xpensive wrote:@JT: I still believe you've got your terminology confused, "physical" is by no means a synonym to "analytical".
I don't think I'm confused at all. In the world I work in - the world of vehicle dynamics, tire data, etc - they are used synonymously. That's just how it is. Don't know what else to say. You can have an empirical / curve fitted / test data driven model... or a physical / theoretical / analytical model. Applies to vehicle characterization as much as it applies to tire characterization. You can have a suspension which is defined by curve-fitted K&C data, or you can have one that's computed on-the-go by a multibody simulation. Each have their own strengths and weaknesses.
Beyond that, this is so past the point of this thread that it borders on asinine. But this seems to be the case every time you bring something up - it's not to further the value of the thread through meaningful discussion - it's prodding at trivialities and unproductive BS. Like I say, this is the world I work in.. and I like to shed some light on things from time to time using what public domain data as I can. If you're not interested in in it, then go do something else rather than derail discussion.
On to the matter at hand...
gato azul wrote:So unless, we define the term "speed" a bit more precisely in the OT quoted statement, I would be careful, to dismiss the statement out of hand or call it BS.
Trimming this quote down quite a bit, but to me... it effectively makes no difference whether you're thinking of speed with sliding velocity or whatever.
For one, if you're using something like an industry standard Magic Formula model... the post-saturation "sliding" characteristic of the tread is already implicitly defined in the model by the lateral and longitudinal force shape factors. Don't even have to worry about it - it's already built in. With regard to physical models - I don't worry about them because for the vast, vast majority of end users you're just not going to have pressure / velocity / temperature sensitive data so it's totally impractical. Besides if you're way post saturation in your simulation (i.e. spinning out or brutally beating up on the fronts) you have bigger issues to worry about. I leave that realm to the video gamers.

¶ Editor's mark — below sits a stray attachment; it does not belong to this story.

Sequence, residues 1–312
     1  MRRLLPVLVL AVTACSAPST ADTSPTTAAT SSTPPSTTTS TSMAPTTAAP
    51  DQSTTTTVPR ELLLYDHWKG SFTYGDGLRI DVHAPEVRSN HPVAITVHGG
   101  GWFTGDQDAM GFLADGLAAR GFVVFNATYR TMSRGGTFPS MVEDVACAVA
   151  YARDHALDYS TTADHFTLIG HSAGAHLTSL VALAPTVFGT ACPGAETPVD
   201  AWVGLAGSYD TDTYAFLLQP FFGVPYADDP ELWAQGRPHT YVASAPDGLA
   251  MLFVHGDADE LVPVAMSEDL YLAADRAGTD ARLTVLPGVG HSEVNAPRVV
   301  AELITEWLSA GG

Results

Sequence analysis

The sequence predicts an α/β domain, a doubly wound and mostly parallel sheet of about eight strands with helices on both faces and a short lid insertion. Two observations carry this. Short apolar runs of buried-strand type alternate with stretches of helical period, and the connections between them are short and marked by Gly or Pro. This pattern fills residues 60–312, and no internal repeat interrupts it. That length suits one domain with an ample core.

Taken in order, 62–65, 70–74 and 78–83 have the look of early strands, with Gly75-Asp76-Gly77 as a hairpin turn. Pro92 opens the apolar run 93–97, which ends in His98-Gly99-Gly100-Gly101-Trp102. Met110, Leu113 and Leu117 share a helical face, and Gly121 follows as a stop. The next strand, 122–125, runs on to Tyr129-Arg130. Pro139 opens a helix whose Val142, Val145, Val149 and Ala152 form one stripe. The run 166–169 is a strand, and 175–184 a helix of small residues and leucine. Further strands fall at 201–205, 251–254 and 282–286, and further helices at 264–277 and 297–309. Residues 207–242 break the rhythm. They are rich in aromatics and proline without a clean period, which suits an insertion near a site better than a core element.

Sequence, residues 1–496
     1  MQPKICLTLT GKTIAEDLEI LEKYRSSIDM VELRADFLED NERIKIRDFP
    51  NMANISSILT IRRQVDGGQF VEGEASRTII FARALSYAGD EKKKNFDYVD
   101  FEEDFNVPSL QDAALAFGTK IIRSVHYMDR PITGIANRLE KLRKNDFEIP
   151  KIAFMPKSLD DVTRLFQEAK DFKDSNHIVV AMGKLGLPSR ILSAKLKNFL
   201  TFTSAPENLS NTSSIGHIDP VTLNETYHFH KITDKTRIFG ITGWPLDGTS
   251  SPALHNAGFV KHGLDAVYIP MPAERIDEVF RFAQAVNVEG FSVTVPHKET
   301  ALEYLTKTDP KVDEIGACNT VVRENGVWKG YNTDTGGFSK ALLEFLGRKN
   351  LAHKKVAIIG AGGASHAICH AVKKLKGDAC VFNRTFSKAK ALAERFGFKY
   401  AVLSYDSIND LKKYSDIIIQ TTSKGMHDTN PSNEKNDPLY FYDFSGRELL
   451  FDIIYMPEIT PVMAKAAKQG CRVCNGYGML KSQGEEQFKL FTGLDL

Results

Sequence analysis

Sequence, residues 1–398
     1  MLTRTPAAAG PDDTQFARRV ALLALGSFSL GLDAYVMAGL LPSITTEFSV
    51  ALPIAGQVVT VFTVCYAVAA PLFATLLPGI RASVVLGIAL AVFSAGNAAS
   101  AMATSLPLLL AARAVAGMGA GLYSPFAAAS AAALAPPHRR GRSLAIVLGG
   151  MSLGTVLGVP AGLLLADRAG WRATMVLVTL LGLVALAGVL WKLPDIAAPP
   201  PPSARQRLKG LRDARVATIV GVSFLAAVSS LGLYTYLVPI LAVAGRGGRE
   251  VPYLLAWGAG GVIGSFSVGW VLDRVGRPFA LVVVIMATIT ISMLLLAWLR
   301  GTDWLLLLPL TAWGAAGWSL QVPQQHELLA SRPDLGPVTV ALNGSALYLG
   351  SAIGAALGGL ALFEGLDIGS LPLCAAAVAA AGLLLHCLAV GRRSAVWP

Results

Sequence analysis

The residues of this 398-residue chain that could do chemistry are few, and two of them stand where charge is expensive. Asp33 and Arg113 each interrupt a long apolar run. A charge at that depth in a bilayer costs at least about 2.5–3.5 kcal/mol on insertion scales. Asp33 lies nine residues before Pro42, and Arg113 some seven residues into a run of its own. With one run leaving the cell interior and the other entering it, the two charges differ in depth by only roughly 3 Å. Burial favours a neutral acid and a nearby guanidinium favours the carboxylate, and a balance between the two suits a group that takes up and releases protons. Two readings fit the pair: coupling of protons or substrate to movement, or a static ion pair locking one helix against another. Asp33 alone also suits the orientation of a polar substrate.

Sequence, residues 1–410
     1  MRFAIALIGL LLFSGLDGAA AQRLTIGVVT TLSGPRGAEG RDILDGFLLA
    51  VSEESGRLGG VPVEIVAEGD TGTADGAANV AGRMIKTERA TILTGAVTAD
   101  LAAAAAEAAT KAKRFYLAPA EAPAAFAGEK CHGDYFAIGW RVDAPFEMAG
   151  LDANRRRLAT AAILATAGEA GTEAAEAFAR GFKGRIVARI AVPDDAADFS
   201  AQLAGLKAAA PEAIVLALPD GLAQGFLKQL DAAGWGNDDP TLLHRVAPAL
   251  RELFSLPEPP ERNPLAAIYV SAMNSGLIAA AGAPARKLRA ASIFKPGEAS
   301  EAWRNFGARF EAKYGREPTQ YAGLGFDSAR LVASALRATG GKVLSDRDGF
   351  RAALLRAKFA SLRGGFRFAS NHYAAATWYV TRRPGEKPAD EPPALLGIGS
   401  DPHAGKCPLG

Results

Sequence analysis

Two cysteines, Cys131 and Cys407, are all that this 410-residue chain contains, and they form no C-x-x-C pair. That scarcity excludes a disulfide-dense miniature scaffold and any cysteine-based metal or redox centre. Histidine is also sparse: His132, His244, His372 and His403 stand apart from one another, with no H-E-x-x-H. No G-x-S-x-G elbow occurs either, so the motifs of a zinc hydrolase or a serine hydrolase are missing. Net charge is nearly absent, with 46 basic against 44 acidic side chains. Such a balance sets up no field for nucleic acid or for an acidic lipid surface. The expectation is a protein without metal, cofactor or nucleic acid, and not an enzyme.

Then with regard to tire rotational speed - again, there's a reason why even in the latest and greatest empirical models after 15+ years of development, there's not even a single parameter given to it (turnslip and parking maneuver behavior excepted - but that's not exactly of concern in racing). Just completely drowned out by the other state variables. Maybe that's just my own working experience.. after going through gigs and gigs of data, some things are more on my radar than others.
More to the point, even if you DO add it in - it doesn't mean you're going to get any value out of it. In my earlier post - your vehicle speed at any point on the racetrack is what it is. Not going to change by a dramatic amount. I'd rather focus on the things that ARE in my control, namely load, camber, slip, and inflation.
It's very easy to get into the mindset that just because something is there that you have to model it. Or that racing is all about "all the little things" and that's what's most useful to track down. You can spend the time to make your model more complex and then still arrive at the same end answer; you've added cost and complexity but it hasn't been value-added work. Given that my experience in racing has been that you are dramatically time limited in how much you can get done for a race, I see MUCH more value in getting a "close enough" answer today, rather than a marginally more precise or complete answer several days or a week from now.
My MO is to be as effective and impactful as you can, use the simplest models or predictive tools as you can - not the most complicated or involved.